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Ministers accuse Diko of playing ‘petty politics’ during a crisis

The government on said Monday that opposition Diko offered nothing of substance and raised obstacles to policies designed to support people, as it fought back criticism over the handling of the fallout from the pandemic.

In a joint statement, the finance and labour ministries said Diko’s proposals were limited to sweeping criticism that was devoid of substance while setting obstacles to substantive government policies aimed at supporting workers and businesses.

“Examples are the stance it took towards the (2021 state) budget and the state guarantees,” the ministries said in a written statement. “The government responds to populism with action.”

In December, Diko voted against the state budget, delaying its passage for a month, insisting that files relating to the citizenship by investment programme be handed to the auditor general.

It also insisted that the auditor-general be included in a committee supervising a government scheme for state-backed borrowing. The scheme was eventually withdrawn by Finance Minister Constantinos Petrides after numerous amendments demanded by the opposition made it unfeasible.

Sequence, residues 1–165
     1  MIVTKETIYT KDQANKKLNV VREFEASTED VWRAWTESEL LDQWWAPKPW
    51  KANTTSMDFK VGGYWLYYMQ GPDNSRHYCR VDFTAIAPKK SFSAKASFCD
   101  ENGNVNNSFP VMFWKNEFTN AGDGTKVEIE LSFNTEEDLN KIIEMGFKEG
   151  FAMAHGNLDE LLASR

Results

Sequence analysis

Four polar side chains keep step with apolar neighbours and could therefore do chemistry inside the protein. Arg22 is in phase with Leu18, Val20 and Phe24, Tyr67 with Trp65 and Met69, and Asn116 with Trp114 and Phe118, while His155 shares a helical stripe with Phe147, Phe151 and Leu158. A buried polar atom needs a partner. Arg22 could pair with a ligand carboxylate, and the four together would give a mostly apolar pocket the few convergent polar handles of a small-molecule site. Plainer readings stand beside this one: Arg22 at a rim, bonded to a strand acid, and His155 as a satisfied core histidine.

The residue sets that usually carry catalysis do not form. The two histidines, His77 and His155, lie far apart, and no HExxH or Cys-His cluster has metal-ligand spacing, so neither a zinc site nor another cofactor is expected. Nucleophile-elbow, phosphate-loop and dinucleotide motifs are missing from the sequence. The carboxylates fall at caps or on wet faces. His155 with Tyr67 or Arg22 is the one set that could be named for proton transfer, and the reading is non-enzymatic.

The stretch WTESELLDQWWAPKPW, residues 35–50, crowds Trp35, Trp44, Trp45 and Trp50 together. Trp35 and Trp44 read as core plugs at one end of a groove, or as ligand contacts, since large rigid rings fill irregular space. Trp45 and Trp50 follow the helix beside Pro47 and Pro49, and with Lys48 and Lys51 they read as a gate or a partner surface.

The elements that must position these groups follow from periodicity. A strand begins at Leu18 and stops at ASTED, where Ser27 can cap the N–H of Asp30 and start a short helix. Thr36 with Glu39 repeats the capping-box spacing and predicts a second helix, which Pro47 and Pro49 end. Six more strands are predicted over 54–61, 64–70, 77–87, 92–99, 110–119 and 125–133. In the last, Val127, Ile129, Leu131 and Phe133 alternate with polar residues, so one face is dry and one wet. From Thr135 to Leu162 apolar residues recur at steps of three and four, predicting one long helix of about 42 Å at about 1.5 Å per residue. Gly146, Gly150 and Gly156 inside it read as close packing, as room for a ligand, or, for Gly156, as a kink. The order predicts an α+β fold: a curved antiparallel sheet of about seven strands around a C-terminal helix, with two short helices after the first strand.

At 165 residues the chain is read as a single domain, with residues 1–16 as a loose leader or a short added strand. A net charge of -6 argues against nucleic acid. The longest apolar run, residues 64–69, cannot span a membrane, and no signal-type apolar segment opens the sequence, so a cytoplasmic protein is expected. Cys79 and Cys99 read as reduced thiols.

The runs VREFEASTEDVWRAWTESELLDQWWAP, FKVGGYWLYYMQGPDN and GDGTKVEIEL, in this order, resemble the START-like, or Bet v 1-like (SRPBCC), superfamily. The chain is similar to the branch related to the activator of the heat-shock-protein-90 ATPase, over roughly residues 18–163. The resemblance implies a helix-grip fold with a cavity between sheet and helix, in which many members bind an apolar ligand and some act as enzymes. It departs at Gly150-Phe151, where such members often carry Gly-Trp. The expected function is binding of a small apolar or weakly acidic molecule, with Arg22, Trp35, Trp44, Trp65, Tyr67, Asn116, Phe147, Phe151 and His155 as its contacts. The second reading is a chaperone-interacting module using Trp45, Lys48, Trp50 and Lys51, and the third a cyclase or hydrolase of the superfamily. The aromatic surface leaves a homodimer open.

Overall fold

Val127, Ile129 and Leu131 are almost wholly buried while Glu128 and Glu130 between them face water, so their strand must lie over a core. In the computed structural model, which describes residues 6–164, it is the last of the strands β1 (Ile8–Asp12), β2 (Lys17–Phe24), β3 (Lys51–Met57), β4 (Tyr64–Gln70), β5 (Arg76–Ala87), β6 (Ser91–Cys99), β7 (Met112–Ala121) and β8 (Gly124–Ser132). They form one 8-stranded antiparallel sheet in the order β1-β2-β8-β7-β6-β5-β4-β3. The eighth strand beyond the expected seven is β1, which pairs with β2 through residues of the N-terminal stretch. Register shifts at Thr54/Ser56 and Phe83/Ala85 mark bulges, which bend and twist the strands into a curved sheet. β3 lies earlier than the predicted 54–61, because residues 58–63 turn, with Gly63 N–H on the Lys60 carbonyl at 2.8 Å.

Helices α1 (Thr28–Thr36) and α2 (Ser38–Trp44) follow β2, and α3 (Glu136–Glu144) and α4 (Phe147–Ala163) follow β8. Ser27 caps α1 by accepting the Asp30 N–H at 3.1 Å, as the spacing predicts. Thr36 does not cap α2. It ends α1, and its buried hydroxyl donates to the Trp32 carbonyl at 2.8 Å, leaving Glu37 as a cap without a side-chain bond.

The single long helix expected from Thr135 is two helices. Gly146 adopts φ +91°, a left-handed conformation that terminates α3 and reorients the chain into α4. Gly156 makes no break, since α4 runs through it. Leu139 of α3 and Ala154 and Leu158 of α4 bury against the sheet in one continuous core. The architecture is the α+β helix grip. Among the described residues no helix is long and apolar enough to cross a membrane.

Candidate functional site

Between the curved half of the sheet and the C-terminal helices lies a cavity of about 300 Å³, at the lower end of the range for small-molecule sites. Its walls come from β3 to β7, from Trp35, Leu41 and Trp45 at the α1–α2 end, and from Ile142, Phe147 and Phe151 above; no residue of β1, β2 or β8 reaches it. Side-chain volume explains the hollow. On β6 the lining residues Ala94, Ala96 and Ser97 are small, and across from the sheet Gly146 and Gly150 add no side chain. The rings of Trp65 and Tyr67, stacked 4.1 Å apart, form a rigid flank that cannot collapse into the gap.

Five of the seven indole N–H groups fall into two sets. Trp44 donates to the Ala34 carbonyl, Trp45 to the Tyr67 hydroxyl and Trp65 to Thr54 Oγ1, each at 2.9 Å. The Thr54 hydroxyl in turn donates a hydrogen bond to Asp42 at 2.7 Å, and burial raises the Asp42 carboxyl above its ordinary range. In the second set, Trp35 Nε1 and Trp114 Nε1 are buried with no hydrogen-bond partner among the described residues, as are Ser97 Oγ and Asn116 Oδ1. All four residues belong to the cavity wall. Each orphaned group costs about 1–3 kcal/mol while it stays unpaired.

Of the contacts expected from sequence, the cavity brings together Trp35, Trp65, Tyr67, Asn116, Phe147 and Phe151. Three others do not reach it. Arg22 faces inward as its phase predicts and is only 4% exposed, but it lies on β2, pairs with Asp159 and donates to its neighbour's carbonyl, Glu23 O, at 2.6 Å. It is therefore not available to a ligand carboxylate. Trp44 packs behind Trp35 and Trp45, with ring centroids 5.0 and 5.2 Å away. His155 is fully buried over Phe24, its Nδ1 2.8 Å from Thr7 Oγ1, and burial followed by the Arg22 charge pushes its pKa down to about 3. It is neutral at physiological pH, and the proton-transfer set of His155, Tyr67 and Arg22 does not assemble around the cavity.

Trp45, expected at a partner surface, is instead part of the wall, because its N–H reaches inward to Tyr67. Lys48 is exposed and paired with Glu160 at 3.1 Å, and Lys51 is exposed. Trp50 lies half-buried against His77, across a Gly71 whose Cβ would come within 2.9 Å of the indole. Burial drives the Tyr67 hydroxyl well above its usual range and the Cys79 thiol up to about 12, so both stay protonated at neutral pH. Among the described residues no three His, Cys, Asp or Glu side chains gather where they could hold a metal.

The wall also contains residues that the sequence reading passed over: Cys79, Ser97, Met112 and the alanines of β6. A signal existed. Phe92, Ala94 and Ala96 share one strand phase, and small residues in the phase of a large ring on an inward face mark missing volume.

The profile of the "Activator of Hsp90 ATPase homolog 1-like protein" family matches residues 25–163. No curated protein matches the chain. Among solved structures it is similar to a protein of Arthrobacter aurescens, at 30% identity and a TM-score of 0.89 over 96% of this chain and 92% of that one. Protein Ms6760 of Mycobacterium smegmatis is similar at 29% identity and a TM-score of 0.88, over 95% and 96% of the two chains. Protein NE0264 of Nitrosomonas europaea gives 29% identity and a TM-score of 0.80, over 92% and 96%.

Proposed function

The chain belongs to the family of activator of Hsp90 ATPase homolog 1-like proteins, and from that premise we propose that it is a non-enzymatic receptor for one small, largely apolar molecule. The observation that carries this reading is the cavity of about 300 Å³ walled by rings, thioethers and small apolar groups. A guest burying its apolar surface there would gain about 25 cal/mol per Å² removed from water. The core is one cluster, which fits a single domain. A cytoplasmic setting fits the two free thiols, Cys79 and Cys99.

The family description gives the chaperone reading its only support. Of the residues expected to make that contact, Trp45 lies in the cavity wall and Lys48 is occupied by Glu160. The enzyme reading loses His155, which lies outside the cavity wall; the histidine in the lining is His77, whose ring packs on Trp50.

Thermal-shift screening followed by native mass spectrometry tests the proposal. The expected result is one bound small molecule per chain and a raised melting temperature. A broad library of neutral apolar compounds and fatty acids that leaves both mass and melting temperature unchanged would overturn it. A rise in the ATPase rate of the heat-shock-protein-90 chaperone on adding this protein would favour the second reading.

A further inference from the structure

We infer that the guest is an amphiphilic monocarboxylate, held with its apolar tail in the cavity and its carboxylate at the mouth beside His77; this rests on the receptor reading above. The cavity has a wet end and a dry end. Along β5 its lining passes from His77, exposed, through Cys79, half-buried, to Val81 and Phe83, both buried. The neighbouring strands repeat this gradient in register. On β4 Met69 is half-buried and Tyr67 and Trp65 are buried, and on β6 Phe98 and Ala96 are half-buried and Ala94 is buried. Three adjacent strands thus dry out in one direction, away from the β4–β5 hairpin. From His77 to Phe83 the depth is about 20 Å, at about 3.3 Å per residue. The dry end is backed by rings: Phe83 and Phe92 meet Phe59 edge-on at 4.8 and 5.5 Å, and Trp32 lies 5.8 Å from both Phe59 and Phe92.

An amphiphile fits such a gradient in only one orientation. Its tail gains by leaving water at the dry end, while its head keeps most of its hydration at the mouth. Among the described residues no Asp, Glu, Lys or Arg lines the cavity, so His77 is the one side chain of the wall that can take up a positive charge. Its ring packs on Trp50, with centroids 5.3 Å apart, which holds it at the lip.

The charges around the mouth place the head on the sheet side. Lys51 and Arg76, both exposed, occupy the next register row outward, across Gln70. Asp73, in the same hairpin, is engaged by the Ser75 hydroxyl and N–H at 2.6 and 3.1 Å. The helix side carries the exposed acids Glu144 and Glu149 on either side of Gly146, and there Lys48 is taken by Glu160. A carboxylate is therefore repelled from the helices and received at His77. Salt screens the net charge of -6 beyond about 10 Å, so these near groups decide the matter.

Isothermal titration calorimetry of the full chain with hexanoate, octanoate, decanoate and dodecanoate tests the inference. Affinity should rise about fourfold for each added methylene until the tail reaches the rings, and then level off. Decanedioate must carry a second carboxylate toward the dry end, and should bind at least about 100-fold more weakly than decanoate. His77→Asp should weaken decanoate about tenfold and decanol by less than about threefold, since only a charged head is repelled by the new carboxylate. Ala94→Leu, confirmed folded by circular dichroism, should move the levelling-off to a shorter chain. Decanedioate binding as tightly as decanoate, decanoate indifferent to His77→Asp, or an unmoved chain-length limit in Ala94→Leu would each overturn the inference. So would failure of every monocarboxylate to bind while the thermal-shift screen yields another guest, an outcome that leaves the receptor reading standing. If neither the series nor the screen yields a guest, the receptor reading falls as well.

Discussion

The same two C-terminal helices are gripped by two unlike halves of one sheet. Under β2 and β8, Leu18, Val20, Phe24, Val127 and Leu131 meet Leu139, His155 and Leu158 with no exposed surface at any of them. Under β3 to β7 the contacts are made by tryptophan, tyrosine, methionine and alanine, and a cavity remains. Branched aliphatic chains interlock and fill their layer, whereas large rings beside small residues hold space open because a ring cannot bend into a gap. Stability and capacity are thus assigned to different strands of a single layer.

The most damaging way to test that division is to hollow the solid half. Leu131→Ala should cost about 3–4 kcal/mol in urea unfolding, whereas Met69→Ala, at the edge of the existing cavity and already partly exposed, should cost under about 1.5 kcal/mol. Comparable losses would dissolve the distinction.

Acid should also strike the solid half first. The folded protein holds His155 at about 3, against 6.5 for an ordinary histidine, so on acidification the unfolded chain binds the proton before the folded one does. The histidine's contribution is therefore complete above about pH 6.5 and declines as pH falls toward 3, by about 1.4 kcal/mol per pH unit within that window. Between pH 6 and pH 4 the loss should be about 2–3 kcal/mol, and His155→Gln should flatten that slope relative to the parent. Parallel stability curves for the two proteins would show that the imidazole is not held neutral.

The two ministries said while Diko’s petty politics jeopardised payments to workers, businesses, the jobless, and vulnerable people, amid the worse economic crisis since the 1974 Turkish invasion, it accused the government of lacking a plan to shore up the economy.

“At a time when €100m of €200m have been disbursed as part of the lump sum support to businesses and while the 11th worker support scheme has been announced, after spending €650m so far,” they said.

To date, the government has announced emergency fiscal measures worth some €1.6bn, affording support to workers and businesses for 11 months, they added.

The government’s measures resulted in restricting lost income in 2020 to 5.1 per cent, less than the EU average. Similarly, unemployment was lower than the EU average, the ministries said.

The most recent example was the raise granted to low pensioners.

“It is not a coincidence that the poverty risk faced by individuals over 65 has been reduced from 46.3 per cent in 2008 to 24.6 per cent in 2019; the respective rate for women dropped from 18.1 per cent to 15.9 per cent.”

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